By Dan Harmon Okay, here's that part where the self appointed guru tells you exactly what needs to happen and when. I hope I've made it clear to you before I do that that the REAL structure of any good story is simply circular - a descent into the unknown and eventual return - and that any specific descriptions of that process are specific to you and your story.
Most good stories start with a fundamental list of ingredients: Great writers sometimes shake up the recipe and add some spice.
Mallard has a weak heart. This is the setup we need to know for all the events to come, as well as being a piece of characterization.
The fact that Mrs. Mallard has a weak heart changes the way everybody has to behave to her. Just in case we forget, should she get a shock at any point, she could die. This results in instant and constant dramatic tension. Mallard dies and Mrs.
Not only has her husband died, Mrs. Mallard could very well die too upon hearing the news. His death puts them both in danger.
Mallard mourns and tries to deal with her unusual feelings. In the case of this story, the complication stage itself embodies the idea of complicated.
Instead of refusing to believe the news or take it in, she instantly grasps it and cries her eyes out, before going off to be alone. Mallard declares that she is free. Mallard struggles with her grief, and then also struggles with a piece of new knowledge coming at her.
After the tragedy of hearing such bad news, and managing such changing emotions of grief and abandonment, Mrs. Mallard is so overwhelmed by her feeling of freedom that she can barely whisper.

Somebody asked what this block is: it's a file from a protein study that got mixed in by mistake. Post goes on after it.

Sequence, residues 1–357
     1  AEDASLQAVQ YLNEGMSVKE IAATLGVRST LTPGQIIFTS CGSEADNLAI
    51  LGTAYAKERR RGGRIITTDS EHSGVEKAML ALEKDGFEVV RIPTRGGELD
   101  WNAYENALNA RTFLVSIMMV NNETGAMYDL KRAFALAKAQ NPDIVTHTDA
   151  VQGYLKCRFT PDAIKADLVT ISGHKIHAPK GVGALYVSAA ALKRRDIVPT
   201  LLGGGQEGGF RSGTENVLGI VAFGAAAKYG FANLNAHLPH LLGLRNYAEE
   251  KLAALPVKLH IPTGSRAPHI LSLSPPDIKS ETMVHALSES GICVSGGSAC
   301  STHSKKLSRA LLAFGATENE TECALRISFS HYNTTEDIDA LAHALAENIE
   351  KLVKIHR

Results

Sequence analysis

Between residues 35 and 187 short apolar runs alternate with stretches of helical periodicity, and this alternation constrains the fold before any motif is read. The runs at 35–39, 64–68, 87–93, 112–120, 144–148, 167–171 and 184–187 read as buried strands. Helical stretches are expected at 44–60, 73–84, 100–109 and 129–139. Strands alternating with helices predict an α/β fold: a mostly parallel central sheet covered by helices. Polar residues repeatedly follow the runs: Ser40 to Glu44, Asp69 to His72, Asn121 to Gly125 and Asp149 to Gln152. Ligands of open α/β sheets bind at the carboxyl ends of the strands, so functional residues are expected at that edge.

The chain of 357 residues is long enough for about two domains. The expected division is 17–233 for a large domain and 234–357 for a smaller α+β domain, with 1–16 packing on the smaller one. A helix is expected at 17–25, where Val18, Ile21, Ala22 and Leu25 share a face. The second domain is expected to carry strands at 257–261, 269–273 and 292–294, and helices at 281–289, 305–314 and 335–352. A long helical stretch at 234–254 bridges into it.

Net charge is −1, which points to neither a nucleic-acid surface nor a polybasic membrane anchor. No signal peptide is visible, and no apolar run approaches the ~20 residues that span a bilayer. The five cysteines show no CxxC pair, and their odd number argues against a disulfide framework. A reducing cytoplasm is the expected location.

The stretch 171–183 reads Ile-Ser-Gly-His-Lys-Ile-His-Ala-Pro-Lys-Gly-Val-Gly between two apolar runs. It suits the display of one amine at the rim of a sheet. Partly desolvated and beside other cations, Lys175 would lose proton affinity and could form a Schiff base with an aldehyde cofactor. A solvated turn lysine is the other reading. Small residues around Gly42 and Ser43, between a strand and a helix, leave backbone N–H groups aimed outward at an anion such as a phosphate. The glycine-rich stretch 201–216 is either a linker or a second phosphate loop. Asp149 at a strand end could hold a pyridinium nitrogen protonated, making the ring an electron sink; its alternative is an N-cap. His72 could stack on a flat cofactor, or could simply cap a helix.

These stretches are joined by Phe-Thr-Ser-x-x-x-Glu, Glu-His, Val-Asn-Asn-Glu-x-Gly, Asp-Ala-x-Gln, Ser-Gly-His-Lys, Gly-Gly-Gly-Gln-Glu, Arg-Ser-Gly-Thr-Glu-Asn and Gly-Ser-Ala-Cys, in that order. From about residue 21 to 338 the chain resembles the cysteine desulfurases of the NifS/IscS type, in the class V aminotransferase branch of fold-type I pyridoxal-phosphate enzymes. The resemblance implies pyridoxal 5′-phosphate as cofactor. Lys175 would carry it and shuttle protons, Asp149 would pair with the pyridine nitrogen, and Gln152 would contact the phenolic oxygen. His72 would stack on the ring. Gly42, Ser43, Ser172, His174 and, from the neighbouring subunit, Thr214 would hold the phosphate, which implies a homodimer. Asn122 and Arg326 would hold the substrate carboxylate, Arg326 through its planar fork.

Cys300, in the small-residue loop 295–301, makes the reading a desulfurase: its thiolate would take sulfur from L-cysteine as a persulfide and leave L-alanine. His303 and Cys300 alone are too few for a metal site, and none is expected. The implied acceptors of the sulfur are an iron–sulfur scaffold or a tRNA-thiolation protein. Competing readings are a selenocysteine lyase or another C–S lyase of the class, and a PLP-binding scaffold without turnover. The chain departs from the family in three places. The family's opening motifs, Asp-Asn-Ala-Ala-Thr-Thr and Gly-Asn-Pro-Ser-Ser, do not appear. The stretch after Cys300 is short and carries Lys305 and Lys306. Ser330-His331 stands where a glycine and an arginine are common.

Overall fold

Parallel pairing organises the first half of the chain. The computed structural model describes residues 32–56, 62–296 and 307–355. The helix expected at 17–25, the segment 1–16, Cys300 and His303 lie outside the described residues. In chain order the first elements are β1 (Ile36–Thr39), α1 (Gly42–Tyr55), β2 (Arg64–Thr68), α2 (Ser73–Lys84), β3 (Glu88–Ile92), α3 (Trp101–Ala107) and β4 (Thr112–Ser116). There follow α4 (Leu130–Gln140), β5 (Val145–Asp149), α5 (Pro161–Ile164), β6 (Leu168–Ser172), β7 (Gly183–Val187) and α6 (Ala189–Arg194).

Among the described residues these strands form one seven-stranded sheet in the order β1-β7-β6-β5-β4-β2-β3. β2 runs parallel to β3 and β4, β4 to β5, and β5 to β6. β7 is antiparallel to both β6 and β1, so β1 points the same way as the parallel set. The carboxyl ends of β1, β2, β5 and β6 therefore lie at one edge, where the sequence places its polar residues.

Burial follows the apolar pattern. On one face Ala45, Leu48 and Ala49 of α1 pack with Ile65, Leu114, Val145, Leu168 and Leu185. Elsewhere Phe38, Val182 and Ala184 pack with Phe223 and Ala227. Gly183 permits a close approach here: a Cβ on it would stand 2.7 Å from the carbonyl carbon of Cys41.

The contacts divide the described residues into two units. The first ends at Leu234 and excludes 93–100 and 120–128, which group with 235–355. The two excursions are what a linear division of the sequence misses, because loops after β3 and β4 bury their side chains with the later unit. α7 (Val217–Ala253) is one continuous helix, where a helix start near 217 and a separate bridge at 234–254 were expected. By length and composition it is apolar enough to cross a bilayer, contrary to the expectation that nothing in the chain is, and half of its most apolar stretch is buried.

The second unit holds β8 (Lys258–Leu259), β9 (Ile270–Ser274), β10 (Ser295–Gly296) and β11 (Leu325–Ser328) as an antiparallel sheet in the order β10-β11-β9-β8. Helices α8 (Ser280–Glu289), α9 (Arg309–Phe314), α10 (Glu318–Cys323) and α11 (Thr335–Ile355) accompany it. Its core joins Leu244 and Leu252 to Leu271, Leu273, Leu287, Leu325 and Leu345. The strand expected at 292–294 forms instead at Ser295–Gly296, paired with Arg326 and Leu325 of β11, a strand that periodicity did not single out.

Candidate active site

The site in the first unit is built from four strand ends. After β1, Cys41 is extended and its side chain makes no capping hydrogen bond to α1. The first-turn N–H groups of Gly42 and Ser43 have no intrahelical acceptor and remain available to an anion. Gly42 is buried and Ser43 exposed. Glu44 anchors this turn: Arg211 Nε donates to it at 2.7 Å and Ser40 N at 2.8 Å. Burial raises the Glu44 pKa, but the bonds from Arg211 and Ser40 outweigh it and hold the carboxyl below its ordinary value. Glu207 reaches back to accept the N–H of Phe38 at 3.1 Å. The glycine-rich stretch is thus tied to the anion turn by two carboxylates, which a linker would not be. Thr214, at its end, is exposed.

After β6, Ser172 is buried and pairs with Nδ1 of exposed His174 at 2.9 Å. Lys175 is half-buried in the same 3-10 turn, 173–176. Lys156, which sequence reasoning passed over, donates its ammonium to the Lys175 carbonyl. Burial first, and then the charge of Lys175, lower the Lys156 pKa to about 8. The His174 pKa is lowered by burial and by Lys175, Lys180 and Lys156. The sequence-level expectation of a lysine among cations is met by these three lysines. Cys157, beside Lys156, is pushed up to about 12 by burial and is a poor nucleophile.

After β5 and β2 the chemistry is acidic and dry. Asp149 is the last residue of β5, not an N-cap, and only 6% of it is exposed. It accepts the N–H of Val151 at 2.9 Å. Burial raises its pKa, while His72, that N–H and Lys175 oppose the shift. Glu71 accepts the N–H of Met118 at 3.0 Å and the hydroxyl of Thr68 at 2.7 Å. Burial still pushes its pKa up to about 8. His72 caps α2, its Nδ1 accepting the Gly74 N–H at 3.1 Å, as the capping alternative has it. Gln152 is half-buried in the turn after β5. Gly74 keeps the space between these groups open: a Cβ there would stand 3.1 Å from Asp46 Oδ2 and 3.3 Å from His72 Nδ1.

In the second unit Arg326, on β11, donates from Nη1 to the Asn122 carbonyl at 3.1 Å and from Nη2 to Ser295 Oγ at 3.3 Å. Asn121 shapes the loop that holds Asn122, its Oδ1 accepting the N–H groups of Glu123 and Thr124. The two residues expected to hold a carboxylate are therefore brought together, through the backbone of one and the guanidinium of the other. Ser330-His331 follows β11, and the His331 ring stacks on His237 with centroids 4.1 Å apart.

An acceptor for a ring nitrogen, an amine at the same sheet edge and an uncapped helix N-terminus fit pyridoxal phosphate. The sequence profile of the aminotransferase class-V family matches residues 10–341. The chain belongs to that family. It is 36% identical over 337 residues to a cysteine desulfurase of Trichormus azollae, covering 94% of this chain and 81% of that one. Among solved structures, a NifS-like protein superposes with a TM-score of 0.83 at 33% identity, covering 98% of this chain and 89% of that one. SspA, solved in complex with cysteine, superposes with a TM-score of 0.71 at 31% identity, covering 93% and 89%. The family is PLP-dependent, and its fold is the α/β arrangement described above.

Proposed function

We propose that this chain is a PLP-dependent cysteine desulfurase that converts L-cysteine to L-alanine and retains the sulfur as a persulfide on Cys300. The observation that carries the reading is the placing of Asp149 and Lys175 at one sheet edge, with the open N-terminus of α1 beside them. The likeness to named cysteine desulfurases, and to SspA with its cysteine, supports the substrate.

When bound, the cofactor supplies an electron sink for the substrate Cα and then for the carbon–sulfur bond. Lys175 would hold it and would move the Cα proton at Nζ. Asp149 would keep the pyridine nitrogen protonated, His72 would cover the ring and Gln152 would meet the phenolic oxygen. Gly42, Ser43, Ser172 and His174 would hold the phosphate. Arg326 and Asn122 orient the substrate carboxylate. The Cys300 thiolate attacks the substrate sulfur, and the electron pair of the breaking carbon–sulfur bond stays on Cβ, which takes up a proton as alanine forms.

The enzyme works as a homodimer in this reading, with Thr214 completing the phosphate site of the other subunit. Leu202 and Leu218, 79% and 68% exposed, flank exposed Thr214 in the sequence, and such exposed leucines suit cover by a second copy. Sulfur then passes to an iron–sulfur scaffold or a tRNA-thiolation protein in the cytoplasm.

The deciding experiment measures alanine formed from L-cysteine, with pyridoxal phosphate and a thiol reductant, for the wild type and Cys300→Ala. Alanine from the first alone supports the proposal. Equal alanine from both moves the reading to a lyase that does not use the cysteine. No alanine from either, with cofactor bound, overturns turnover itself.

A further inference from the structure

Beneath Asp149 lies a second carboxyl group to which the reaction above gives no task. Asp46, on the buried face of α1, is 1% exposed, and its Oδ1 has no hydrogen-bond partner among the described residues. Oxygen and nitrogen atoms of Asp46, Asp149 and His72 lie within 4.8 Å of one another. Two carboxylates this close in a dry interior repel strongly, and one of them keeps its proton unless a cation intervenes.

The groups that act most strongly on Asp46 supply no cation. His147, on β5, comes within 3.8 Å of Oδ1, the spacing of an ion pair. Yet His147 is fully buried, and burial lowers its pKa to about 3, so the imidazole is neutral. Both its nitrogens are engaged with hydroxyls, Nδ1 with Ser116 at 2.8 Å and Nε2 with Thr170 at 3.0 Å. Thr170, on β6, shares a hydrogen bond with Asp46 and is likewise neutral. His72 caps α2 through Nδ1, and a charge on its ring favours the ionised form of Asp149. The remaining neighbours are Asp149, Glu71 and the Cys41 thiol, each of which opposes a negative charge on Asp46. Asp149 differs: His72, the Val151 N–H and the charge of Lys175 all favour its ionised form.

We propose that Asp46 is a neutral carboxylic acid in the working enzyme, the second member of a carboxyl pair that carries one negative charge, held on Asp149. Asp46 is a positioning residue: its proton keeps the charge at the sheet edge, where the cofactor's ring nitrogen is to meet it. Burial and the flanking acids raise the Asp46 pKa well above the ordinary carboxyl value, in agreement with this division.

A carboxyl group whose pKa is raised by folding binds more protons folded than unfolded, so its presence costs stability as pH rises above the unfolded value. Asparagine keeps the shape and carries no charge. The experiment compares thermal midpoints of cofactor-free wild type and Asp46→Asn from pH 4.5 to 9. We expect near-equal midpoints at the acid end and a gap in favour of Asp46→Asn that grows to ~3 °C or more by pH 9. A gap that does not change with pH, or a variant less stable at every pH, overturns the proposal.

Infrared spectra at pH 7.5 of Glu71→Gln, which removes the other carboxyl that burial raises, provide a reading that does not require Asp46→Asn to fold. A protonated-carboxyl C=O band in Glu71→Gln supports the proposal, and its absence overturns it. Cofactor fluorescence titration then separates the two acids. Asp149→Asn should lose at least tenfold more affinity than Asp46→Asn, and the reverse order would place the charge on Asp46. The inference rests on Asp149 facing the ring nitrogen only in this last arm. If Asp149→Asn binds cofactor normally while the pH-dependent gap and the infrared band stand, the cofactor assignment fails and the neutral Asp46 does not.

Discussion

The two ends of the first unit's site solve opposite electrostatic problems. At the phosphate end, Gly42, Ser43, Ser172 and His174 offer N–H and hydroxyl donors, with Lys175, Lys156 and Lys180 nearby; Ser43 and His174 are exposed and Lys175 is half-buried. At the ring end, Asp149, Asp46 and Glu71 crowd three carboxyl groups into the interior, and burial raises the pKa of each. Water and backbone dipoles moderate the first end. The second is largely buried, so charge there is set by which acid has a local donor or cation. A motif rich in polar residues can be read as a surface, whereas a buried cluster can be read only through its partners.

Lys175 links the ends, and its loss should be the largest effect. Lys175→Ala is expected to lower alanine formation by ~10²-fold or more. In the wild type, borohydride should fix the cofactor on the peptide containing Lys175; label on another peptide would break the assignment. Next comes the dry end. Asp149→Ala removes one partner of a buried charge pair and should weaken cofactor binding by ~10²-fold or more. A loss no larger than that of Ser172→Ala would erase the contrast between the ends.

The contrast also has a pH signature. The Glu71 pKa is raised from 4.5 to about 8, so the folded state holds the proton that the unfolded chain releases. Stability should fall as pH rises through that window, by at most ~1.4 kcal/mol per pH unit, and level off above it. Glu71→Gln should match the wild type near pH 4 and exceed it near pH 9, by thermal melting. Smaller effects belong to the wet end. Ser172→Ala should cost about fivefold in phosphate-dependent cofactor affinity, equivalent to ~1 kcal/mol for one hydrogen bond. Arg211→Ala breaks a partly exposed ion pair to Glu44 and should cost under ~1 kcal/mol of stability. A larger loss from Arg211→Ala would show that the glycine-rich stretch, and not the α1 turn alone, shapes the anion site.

Mallard comes out of her room, meets her sister, and starts to go down the stairs. She sweeps out of her room like a new person, stronger for her grief, and excited about her life ahead.
Mallard walks in, far from dead, shocking everyone. Suddenly, a totally unexpected thing happens: Even though Josephine and Richards are surprised too, they try to keep Mrs.
Mallard from receiving the shock. Conclusion Doctors say Mrs. Mallard died of joy. We readers have to piece together the fact that Mrs. Mallard has died based on what we know about her the weak hearther shock on seeing Mr. Mallard has passed away.
The events foreshadowed in the "Initial Situation" have come true.How to Write a Book Report. In this Article: Article Summary Researching and Outlining Your Report Writing the Body of Your Report Finishing Up Your Report Sample Book Report and Summaries Community Q&A Writing a book report may not seem fun at first, but it gives you a great chance to really understand a work and its author.
Plot Overview. The Catcher in the Rye is set around the s and is narrated by a young man named Holden Caulfield. Holden is not specific about his location while he’s telling the story, but he makes it clear that he is undergoing treatment in a mental hospital or sanatorium. The Story of an Hour, by Kate Chopin - “The Story of an Hour” is a stark display of female rejection of the norms of society.
This work, by Kate Chopin, begins with a woman going through the stages of grief for her husband’s death. (Return to Full Plot Summary of “Story of an Hour”) “The Story of an Hour" by Kate Chopin represents a negative view of marriage by presenting the reader with a woman who is clearly overjoyed that her husband has died.
The Online Writing Lab (OWL) at Purdue University houses writing resources and instructional material, and we provide these as a free service of the Writing Lab at Purdue. Demian: The Story of Emil Sinclair's Youth is a Bildungsroman by Hermann Hesse, first published in ; a prologue was added in Demian was first published under the pseudonym "Emil Sinclair", the name of the narrator of the story, but Hesse was later revealed to be the author.